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  • Meeting abstract
  • Open Access

2023 SSFP based dipyridamole stress first pass perfusion imaging is accurate for the assessment of obstructive coronary artery disease

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Journal of Cardiovascular Magnetic Resonance200810 (Suppl 1) :A292

https://doi.org/10.1186/1532-429X-10-S1-A292

  • Published:

Keywords

  • Cardiovascular Magnetic Resonance
  • Perfusion Imaging
  • Fractional Flow Reserve
  • Steady State Free Precession
  • Invasive Coronary Angiography

Background

Cardiovascular magnetic resonance (CMR) perfusion imaging primarily uses either FLASH, GRE-EPI or steady state free precession (SSFP) imaging sequences. Compared with the other perfusion sequences, SSFP has a higher contrast to noise ratio and linearity of signal intensity; however, an intermediate temporal resolution. There are only small (< 30 subjects) studies describing the diagnostic accuracy of SSFP based vasodilator first pass perfusion for detecting obstructive coronary artery disease.

Purpose

To determine the accuracy of SSFP based vasodilator first pass perfusion CMR against a reference standard of invasive coronary angiography in human subjects.

Methods

181 consecutive subjects were referred for CMR stress testing utilizing dipyridamole (0.56 mg/kg over 4 minutes) and first pass gadolinium enhanced imaging (0.05 mmol/kg). CMR was performed on a Siemens Espree 1.5 T scanner with a phased array surface coil. A saturation recovery, SSFP sequence was utilized to obtain 3 images every heart beat. Invasive cardiac catheterization defined the presence of obstructive disease as a visual or intravascular ultrasound assessment of > 70% stenosis involving a major epicardial coronary vessel or > 50% of the left main, or a fractional flow reserve of < 0.75.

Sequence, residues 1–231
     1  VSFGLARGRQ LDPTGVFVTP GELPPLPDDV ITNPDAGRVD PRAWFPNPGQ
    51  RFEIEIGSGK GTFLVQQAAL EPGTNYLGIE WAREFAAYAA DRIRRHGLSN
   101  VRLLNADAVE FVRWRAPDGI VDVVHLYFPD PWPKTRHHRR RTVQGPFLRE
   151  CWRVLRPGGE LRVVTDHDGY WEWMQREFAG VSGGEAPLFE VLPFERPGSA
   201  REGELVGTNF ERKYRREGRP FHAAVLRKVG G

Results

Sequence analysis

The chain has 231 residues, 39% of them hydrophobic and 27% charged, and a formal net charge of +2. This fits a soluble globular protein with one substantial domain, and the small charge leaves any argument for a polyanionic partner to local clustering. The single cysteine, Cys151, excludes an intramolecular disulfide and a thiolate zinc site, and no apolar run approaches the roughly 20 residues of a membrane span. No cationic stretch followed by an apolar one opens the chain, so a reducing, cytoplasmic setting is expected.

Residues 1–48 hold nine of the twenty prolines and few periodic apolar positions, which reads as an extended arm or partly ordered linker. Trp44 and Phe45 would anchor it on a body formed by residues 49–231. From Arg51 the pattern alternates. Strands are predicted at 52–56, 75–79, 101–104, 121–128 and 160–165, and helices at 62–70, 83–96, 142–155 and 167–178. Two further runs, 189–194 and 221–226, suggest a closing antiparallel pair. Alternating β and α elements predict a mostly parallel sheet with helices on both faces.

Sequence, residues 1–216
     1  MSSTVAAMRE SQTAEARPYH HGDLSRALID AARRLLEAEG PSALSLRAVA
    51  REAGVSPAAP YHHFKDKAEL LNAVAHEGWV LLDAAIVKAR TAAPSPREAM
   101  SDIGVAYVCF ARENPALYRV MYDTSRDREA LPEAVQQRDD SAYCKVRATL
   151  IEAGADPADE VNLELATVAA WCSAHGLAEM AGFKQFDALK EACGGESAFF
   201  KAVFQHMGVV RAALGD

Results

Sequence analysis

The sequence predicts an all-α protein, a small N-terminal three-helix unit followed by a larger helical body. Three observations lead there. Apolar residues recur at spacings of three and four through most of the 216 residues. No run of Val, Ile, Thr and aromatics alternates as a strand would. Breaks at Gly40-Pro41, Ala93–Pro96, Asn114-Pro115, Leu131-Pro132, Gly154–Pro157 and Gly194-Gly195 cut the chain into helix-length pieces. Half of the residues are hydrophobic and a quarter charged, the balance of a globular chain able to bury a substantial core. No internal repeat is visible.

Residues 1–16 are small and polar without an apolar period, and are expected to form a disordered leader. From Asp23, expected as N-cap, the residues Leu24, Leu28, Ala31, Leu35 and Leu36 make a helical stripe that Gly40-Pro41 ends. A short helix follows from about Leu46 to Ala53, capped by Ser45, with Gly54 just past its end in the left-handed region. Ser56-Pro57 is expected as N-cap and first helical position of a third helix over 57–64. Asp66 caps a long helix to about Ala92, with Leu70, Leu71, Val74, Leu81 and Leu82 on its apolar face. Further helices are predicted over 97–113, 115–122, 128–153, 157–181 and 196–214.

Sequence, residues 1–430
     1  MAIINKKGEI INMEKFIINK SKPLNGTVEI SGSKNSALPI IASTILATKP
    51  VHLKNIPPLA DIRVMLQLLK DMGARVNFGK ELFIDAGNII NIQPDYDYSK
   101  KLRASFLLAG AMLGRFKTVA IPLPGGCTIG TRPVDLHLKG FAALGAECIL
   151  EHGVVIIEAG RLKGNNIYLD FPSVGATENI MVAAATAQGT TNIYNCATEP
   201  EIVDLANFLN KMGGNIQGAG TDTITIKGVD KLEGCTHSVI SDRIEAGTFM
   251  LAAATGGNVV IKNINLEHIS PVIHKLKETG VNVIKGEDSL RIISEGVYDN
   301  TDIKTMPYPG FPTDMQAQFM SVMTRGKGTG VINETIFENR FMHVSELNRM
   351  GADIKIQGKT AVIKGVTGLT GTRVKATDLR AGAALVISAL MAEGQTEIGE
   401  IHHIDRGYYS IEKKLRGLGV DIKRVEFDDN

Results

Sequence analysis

Results

Patients averaged 59 ± 9 years and 122 were men (67%). Forty-nine subjects underwent cardiac catheterization within 90 days, yielding a sensitivity of 93%; specificity 83%; positive predictive value 90%; negative predictive value 88%; and accuracy 90%. In the 132 patients that did not have coronary angiography, 14 subjects had vasodilator stress induced perfusion defects consistent with myocardial ischemia. If all of these cases are considered false positive with stress induced perfusion defects, the overall specificity is no lower than 89%. Determination of sensitivity in the remaining subjects that did not get catheterization can not be determined at this time.

Conclusion

SSFP based dipyridamole stress first pass contrast perfusion imaging is accurate for the assessment of obstructive coronary artery disease.

Authors’ Affiliations

(1)
National Institutes of Health, Bethesda, MD, USA
(2)
Siemens Medical Solutions, Chicago, IL, USA

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